Evangeline Lilly spreads her wings as Wasp
By RICK BENTLEY | Tribune News Service | Published: July 9, 2018
PASADENA, Calif. - Evangeline Lilly’s character of Hope van Dyne has gone through some changes from her introduction in “Ant-Man” to the twin billing of “Ant-Man and the Wasp.” When she made the first film, Lilly described Hope as one of the darkest and dourest characters she had ever played. That was based on Hope having to deal with grief, parental issues and the need to prove she was as good as any man in the business world.
Maybe the biggest downer in Hope’s life was not getting to slip into the suit that would allow her to shrink to miniscule size to fight crime. It was Paul Rudd’s character of Scott Lang who got to be the size-shifting hero. Now The Wasp is dishing out as much - if not more - punishment to the bad guys than her tiny counterpart.
“It was just fun to finally get to see her take on the mantle, because this is something that she’s been ready and willing to do basically her whole life. Her parents are both superheroes and she was rearing to get in that suit for an entire film. And we never got there,” Lilly says. “And so to actually see her fighting in that moment was wonderful.”
Lilly’s character already has put on the Wasp suit when Lang gets pulled into helping Dr. Hank Pym (Michael Douglas) and Hope complete their plans to save Pym’s wife, Janet Van Dyne (Michelle Pfeiffer), from the sub-atomic world, where she’s been stranded for decades. Going smaller than an atom is a tough enough task, but Wasp and Ant-Man also have to deal with a mysterious figure known only as Ghost (Hannah John-Kamen).
Getting to play a costumed hero is nothing new for Lilly, as the Canadian actress took on the role of Tauriel in two of the “Hobbit” movies: “The Desolation of Smaug” and “The Battle of the Five Armies.” The films came after a short hiatus following Lilly’s work on the mind-twisting ABC series “Lost.” Her wait to get to be the costumed hero of Wasp almost didn’t take as long as the three years since “Ant-Man” was released in 2015.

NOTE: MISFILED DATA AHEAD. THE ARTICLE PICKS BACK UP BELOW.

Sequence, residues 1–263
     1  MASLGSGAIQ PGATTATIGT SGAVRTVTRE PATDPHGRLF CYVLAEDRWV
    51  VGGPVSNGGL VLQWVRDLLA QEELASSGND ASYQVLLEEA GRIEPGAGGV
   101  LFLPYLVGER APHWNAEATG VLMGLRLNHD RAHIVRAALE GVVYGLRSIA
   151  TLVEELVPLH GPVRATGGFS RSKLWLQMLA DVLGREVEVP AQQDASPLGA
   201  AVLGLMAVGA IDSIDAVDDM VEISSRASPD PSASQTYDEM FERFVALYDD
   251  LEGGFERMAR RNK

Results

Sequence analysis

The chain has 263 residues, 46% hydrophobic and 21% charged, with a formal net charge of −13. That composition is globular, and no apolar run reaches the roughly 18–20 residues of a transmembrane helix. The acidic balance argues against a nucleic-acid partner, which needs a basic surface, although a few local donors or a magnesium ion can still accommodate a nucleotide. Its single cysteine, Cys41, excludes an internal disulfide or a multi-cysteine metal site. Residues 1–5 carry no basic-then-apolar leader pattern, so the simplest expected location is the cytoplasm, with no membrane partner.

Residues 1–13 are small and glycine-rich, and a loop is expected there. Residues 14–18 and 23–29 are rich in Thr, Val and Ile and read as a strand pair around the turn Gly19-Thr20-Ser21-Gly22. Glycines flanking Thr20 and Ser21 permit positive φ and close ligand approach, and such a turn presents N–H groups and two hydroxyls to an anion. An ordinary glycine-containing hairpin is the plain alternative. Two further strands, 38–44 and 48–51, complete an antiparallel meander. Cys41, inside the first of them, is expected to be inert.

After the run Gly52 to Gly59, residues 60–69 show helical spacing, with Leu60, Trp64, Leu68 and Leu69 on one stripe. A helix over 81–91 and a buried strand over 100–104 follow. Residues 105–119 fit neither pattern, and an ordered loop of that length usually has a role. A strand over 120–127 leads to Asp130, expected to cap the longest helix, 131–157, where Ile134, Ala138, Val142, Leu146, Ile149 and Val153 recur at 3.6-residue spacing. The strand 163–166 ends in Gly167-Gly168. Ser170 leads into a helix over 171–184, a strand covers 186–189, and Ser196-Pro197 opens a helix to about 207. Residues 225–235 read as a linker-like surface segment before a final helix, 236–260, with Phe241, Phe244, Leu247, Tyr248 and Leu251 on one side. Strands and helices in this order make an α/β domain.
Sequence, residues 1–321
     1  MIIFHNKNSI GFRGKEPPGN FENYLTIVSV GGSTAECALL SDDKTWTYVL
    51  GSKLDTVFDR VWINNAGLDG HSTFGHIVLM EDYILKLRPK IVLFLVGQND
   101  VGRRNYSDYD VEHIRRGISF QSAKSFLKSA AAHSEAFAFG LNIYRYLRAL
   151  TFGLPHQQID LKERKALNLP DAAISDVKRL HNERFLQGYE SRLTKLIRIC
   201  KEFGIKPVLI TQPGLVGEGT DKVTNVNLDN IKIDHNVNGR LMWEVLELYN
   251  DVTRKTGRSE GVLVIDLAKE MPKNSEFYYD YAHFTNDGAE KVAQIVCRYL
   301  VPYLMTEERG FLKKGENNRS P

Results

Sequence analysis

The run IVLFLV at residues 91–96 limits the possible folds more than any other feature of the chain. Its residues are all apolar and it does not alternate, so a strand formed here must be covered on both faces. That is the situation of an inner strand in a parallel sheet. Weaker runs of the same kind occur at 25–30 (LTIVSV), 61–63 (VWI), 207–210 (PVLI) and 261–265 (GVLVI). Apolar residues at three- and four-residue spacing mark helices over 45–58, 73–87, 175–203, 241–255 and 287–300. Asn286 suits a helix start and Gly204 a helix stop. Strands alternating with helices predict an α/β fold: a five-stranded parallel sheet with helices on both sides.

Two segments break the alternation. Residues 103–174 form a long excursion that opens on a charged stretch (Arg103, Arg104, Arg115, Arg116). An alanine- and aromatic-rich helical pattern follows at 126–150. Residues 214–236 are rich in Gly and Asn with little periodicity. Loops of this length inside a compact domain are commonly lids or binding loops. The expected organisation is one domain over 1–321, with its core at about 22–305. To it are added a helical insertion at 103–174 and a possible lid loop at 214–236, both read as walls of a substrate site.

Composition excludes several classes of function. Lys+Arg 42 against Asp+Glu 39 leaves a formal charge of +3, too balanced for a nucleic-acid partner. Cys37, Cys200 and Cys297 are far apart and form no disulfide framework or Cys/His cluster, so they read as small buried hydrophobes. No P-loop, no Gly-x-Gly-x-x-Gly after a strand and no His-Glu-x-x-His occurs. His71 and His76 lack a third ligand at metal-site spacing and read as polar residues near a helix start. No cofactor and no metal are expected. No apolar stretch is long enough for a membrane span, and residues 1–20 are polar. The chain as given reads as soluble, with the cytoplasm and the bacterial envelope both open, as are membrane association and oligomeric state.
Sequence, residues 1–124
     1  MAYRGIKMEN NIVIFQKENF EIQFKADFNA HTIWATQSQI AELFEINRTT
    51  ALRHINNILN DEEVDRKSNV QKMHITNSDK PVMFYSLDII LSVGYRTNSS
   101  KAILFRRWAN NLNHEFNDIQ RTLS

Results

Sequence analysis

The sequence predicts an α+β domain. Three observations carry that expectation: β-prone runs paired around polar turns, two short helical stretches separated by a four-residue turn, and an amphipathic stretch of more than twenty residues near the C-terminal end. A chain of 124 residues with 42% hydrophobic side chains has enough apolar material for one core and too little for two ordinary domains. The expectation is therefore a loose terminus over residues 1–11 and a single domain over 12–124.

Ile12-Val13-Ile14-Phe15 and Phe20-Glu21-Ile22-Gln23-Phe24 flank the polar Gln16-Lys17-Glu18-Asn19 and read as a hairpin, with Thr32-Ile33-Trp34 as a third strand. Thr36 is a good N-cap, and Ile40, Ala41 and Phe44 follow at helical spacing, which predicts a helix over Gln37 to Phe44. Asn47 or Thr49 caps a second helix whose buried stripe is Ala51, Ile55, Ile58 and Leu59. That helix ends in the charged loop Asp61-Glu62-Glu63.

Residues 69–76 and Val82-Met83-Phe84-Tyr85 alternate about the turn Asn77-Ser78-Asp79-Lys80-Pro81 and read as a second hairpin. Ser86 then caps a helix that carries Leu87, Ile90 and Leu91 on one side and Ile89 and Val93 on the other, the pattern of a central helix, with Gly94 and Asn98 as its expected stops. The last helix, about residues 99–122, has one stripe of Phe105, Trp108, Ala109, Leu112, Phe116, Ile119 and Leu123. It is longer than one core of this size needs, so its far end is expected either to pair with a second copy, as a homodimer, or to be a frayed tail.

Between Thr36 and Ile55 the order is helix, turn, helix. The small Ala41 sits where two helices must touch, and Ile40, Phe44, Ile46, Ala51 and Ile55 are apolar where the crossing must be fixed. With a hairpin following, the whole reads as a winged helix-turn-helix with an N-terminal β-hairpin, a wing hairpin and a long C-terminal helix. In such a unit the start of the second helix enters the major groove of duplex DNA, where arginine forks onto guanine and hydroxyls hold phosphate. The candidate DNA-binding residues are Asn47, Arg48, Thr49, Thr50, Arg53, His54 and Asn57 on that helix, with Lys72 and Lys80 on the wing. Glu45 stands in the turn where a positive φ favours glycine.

Originally, Wasp was to be introduced in 2016 through the Marvel Comics film “Captain America: Civil War.” Lilly wasn’t thrilled with the idea of having to wait three years, but she was just as disappointed she would make her Wasp debut in a film filled with superheroes.
“I never expressed it at the time, because of course, how can you? But secretly I was like . ’She’s not going to get an origins film. It’s OK. I’m just stoked to be here, dude.’ Then when I got a call saying we’ve decided not to put you in ’Civil War’,” Lilly says. “There was this moment, I could tell where the feeling in the room was like . ’I’m sorry.’
“I was like, ’no-no-no.’”
That’s when the executives at Marvel told Lilly the plan was to dedicate a film to introducing the female superhero, and they didn’t want her just to be a side note in a larger story. Getting to put on the suit was a big enough joy for Lilly, but she was even more excited to see her character’s name in the title.
Kevin Feige, president of production at Marvel Studios, explains the idea of making the follow-up film to “Ant-Man” about both heroes was part of the thinking while the first movie was being made. The consensus was a sequel needed to finally let the audience see Lilly’s character suit up and be the hero.
Becoming the latest hero in the Marvel movie world is merely a continuation of the kind of work Lilly has done since she interrupted her studies of international relations and political science when the opportunity came along to audition for “Lost.”
What connects the characters she has played from “Lost” to “The Hobbit” to “Ant-Man and the Wasp” is they have all been strong women. Lilly has always given her father credit for the kind of roles she goes after as he told her that she was as capable as any man.
That point of view is being passed on to those who see her work. She’s been teaching her son a different lesson when it comes to movies and TV shows where heroes have to deal with villains.
“I have a 7-year-old son and he loves violent movies. When he talks about good guys and bad guys in movies, I always feel a responsibility to clarify for him that there really is no such thing as a bad guy. They’re only just good guys, who have made so many bad choices. They’ve forgotten how to make good choices,” Lilly says. “A true hero’s job is to remind them of their goodness. Not to annihilate them, to kill them. It’s to help them redeem themselves.
“I think that’s applicable to life. Superhero stories are fun and they’re a totally different world, but what I think is cool and is to have redeemable villains, you’re teaching children that if you encounter somebody that might have a different opinion than you, that doesn’t mean they’re a villain. If they have a different objective than you, it doesn’t mean you should attack them. Maybe you want to try to understand them first.”
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